Here’s what I didn’t cover:
Feature engineering: The art of time series analysis is feature engineering. Modeltime works with cutting-edge time-series preprocessing tools including those in
Hyper parameter tuning: ARIMA models and Machine Learning models can be tuned. There’s a right and a wrong way (and it’s not the same for both types).
Scalability: Training multiple time series groups and automation is a huge need area in organizations. You need to know how to scale your analyses to thousands of time series.
Strengths and weaknesses: Did you know certain machine learning models are better for trend, seasonality, but not both? Why is ARIMA way better for certain datasets? When will Random Forest and XGBoost fail?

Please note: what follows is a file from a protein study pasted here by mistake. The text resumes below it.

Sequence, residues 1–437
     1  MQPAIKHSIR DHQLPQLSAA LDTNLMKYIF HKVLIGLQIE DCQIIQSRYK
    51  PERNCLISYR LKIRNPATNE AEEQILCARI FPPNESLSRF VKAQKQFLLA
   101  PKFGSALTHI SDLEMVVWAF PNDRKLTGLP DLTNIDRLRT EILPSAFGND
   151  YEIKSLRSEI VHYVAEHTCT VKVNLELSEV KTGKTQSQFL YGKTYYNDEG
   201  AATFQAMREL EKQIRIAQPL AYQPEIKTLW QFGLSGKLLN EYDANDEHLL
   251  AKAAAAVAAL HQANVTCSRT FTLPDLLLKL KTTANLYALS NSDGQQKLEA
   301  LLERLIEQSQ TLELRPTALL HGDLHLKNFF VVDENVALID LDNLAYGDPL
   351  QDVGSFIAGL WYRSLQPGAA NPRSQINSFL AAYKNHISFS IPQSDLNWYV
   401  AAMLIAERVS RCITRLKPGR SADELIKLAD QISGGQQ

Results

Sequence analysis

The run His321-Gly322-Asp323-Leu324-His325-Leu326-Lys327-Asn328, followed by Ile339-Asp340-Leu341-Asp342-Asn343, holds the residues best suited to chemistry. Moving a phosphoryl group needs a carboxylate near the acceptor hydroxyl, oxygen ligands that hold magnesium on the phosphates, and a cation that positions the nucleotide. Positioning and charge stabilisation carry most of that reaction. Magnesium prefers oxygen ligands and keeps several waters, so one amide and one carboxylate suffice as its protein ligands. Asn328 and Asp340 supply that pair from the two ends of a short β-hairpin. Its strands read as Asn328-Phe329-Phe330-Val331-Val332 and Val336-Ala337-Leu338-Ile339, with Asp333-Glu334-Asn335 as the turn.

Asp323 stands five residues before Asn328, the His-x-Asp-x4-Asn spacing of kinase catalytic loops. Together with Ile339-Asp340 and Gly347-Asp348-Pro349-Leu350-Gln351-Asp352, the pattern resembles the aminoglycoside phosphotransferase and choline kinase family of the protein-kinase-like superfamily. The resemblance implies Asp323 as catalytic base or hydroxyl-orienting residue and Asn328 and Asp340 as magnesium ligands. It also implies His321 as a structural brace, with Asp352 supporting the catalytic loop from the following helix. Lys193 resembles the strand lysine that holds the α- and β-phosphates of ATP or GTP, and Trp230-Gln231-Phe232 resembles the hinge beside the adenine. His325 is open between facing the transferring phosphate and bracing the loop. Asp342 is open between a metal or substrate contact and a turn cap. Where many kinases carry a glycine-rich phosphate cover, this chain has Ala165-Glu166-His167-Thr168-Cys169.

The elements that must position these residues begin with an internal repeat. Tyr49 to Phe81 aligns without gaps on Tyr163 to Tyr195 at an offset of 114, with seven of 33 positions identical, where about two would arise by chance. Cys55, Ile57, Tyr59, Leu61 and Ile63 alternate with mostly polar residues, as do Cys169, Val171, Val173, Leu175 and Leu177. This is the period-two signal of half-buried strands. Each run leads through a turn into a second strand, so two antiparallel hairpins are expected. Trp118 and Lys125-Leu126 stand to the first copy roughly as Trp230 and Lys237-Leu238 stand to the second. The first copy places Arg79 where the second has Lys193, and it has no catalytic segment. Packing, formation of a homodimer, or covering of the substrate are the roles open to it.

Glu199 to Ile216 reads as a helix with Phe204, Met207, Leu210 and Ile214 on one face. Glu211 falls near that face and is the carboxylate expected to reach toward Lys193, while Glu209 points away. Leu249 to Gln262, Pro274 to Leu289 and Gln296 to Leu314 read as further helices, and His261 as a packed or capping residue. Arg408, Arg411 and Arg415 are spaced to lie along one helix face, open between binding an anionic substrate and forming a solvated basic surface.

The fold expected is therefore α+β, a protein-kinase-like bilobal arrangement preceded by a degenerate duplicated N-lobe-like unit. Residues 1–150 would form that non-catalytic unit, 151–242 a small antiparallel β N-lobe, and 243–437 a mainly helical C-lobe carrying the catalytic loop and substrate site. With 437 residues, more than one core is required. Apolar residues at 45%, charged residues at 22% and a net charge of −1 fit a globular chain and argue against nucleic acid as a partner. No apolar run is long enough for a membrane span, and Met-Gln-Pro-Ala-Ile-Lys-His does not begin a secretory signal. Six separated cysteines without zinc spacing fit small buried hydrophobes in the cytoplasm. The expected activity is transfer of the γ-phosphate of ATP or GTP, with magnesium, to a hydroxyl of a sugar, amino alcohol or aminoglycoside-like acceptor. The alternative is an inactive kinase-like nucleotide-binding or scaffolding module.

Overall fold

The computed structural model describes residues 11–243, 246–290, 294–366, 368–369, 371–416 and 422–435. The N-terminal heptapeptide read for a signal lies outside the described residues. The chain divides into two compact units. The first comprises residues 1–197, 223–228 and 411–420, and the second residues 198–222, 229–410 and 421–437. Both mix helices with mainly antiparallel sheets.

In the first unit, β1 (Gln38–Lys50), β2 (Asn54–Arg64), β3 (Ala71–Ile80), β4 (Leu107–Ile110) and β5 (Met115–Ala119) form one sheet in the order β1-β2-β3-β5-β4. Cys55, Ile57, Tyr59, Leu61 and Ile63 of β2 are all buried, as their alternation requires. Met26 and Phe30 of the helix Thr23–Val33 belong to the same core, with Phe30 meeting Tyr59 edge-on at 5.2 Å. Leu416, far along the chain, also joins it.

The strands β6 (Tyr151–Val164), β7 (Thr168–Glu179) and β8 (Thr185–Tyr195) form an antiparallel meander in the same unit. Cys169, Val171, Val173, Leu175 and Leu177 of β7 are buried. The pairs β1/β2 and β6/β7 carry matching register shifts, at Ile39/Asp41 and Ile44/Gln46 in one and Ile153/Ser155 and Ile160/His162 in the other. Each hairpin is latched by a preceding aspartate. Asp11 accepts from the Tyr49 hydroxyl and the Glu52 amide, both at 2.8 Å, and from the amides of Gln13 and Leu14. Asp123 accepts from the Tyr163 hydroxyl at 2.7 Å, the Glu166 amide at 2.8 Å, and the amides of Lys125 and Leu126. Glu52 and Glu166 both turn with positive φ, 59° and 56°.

Advanced machine learning and deep learning: Recurrent Neural Networks (RRNs) have been crushing time series competitions. Will they work for business data? How can you implement them?
I teach each of these techniques and strategies so you become the time series expert for your organization. Here’s how. 👇
Advanced Time Series Course
Become the times series domain expert in your organization.
Make sure you’re notified when my new Advanced Time Series Forecasting in R course comes out. You’ll learn
modeltime plus the most powerful time series forecasting techiniques available. Become the times series domain expert in your organization.
You will learn:
- Time Series Preprocessing, Noise Reduction, & Anomaly Detection
- Feature engineering using lagged variables & external regressors
- Hyperparameter tuning
- Time series cross-validation
- Ensembling Multiple Machine Learning & Univariate Modeling Techniques (Competition Winner)
- NEW – Deep Learning with RNNs (Competition Winner)
- and more.
I’m just getting started with